The value of coffee should be placed on the proximity and immediacy of the bean. Not on the shipping costs. It will make less and less sense to spend money on coffee from Sumatra when you’re drinking it in Los Angeles. Although we may not want to pay $60 a pound for Goleta coffee, we’ve seen time and again that demand can bring prices down. More and more we’ll assign quality to things that are fresh. Truly fresh, straight from the source, and meant for each and every person on earth.

Live powerfully,


The Brilliant Beast Blog Daily

Backpacking with grass fed butter in Southeast Asia

Coffee and grass fed butter have been my staple morning diet for the past four years. It continues to be my go to while I’m traveling through Southeast Asia. I plan to have it every day as much as I can. There’s no better way to stay lean, dense, and energetic than with healthy fat to start the day.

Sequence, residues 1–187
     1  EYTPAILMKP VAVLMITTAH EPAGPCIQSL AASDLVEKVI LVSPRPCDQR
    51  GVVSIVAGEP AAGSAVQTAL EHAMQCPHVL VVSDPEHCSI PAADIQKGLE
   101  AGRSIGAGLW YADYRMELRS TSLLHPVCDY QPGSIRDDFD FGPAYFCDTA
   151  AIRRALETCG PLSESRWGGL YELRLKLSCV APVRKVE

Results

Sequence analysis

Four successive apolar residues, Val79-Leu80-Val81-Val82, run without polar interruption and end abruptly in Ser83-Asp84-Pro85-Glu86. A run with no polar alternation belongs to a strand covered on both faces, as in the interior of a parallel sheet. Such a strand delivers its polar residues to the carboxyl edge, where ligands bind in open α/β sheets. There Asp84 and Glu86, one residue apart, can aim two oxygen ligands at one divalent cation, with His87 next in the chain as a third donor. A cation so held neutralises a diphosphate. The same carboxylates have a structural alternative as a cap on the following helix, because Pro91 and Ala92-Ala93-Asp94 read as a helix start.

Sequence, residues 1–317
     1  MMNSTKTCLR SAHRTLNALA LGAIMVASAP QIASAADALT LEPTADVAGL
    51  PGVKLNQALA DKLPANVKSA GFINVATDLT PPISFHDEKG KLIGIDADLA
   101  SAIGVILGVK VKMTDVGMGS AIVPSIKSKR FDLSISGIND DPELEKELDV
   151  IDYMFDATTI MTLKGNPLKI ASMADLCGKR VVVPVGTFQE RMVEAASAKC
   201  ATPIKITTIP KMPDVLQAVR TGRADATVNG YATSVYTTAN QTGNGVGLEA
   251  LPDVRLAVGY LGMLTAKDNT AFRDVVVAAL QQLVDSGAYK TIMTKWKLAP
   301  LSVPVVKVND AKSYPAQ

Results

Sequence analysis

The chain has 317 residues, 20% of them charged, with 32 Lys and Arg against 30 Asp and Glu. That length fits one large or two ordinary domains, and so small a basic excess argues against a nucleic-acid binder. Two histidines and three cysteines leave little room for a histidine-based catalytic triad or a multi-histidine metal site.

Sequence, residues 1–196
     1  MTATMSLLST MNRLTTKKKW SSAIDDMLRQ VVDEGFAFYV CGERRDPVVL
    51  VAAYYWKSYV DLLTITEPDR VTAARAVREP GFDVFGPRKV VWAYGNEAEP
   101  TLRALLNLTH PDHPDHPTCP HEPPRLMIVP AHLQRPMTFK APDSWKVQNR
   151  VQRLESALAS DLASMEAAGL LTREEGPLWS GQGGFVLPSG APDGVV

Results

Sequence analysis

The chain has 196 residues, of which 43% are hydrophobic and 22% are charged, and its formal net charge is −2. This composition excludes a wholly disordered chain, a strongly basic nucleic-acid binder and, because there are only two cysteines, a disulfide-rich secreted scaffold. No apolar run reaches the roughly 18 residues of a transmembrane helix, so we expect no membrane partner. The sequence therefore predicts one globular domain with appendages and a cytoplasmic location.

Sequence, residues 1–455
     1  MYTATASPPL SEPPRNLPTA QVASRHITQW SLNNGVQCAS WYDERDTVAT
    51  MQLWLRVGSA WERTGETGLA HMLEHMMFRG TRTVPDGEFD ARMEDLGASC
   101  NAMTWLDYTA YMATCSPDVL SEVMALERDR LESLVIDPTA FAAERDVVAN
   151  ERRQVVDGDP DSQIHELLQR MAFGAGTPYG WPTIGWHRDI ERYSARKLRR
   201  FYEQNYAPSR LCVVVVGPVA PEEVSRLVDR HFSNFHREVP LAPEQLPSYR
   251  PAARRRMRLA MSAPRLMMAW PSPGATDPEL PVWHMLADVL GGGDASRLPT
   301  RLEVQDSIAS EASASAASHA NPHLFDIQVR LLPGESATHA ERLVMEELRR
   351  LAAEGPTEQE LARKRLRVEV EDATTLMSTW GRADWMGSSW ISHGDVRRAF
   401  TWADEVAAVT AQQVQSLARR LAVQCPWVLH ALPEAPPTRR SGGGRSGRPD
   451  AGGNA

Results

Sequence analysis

It’s much easier and nicer to have butter coffee at home: beans pulverized by a hefty burr grinder, stove top boiled water in my Hario kettle, and brewed over a ceramic pour over cup on a nice wide countertop. Butter coffee that’s blended at home in a high tech appliance like VitaMix can’t be beat. The drink is foamy, creamy, and just heavenly. The ingredients, like chocolate powder and vanilla bean, mesh better with the coffee and butter. It comes out like a dessert. But on the road, I don’t have such luxury.What I do have is a 24-oz. Thermos, a handheld coffee bean grinder, and a small pack of all my ingredients in ziplocked bags. I did allow myself the weighty luxury of my Hario dripper kettle, to store my powders and to have a vessel for hot water. And I just couldn’t let it go.